Game Play – At first it can be a bit disorienting trying to toggle between weapons and plasmids. However, if you’re already used to FPS games, it will probably be no big deal. Playing the game on Easy was much TOO easy, even for someone like me, and I bumped up the difficulty level quite soon into the game. Again, if you’re new to this kind of thing, by all means keep it on Easy for awhile while you get used to how everything works- you’ll enjoy the game more if you’re not forcing yourself to do something that’s too hard.
Your original goal is to find Atlas, the man that vows to keep you alive. However, after an unfortunate incident, all of this changes. Along the way to Atlas, there are several different sub quests/missions that can range from finding new plasmids, killing specific people, and photographing corpses- which brings me to my next point.
Early in the game you meet a character that wants you to find his camera. You get to keep the camera in the end, and it’s use is for research. The camera will take the place of your weapon when equipped, so try not to kill things with your camera, because it doesn’t work so well. Anyway. Whenever you come across an enemy, you can take a picture. The more pictures you take, the better, as once your research on them gets higher you gain cool things like extra damage and useful plasmids and tonics that will ONLY come from research. You won’t get as many research points off of photographing corpses, as I found out to my dismay…but sometimes I would have multiple Splicers and a Big Daddy on me at once, and survival seemed more important than research.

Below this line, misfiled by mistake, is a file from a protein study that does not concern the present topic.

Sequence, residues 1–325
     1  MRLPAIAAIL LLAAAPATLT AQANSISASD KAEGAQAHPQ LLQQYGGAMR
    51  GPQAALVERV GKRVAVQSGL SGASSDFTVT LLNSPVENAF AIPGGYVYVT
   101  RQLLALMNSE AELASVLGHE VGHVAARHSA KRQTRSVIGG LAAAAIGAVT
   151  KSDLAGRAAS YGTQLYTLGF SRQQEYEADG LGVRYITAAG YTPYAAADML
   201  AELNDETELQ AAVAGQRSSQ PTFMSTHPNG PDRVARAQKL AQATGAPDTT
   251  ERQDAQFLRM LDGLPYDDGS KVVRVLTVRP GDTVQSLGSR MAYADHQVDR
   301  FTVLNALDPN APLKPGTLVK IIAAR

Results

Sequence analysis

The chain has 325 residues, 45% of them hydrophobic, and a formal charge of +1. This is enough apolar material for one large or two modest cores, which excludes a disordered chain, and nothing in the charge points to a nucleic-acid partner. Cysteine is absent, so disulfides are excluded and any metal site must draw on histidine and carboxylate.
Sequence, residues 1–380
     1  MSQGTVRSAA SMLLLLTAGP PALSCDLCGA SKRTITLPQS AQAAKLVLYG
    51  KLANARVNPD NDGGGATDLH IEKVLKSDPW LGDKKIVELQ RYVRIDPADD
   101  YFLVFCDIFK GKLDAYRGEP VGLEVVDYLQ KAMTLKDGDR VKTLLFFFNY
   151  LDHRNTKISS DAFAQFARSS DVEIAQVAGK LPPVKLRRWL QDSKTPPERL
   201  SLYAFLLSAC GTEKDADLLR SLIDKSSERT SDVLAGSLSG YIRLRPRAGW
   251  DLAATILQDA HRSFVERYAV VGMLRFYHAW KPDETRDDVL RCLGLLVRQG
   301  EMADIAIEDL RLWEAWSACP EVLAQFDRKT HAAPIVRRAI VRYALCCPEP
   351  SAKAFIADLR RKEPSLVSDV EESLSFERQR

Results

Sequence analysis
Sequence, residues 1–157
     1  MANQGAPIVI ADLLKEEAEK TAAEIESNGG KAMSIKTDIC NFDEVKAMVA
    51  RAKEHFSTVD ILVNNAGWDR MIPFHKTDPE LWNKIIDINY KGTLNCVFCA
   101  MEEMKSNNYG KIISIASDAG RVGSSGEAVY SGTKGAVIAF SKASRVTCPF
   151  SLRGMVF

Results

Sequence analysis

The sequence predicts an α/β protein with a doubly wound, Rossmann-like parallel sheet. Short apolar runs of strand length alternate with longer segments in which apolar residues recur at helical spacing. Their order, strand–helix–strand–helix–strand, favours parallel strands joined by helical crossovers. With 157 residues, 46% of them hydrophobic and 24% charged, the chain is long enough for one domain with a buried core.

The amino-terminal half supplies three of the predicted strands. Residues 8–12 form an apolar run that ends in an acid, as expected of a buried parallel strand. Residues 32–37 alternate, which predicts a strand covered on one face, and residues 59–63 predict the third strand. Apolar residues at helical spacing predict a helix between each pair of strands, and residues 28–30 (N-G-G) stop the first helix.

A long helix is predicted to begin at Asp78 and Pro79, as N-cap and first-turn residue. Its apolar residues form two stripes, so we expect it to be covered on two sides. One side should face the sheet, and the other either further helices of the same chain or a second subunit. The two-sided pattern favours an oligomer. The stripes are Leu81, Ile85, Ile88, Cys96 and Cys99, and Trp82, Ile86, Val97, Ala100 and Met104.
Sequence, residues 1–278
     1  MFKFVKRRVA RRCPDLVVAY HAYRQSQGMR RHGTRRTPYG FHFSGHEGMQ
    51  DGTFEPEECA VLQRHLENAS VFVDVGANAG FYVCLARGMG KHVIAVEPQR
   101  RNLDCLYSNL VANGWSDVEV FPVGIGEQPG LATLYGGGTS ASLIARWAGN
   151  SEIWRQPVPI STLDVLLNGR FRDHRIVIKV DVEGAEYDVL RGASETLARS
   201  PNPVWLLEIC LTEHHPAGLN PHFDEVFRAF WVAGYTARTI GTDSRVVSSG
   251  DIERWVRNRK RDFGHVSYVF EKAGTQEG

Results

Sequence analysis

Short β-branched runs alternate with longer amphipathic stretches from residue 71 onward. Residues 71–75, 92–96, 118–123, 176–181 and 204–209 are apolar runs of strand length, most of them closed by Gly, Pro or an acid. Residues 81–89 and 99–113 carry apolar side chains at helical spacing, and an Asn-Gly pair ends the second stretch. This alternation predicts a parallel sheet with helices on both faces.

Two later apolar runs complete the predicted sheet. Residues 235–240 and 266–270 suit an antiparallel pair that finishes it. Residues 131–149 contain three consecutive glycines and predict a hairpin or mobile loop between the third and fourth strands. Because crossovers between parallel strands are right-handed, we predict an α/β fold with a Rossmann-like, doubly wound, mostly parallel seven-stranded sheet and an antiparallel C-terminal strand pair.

Penalty for Dying – Well, quite simply, there isn’t one unless you count wasting ammo and Health/EVE hypos without getting the kill. If you die, you merely pop out of the last Vita Chamber you passed with half of your health and EVE. Some might say that this is dumb, but for others, it’s not so bad. Just play the game and enjoy it for what it is.
Overall Impressions – Ok, maybe I’m lame, but I loved this game, trivial little issues aside. I can’t wait to play BioShock 2 and BioShock Infinite when it eventually comes out. My only real complaint was that the game was just too short- 15 hours, maybe. I probably played it for closer to 20 just because I enjoyed exploring every corner and just plain looking at things. I also liked that we are given the choice to save or harvest the little sisters who wander around. I figured I would harvest them first, then play again and save them all. After a few harvests, I started to feel bad about it, since they don’t live through the process. By the end of the game I was totally disgusted with myself and rather upset with the ending’s harsh words about my character.
2 thumbs up, 5 stars, and worth picking up, as it’s an older game now and under $20.00.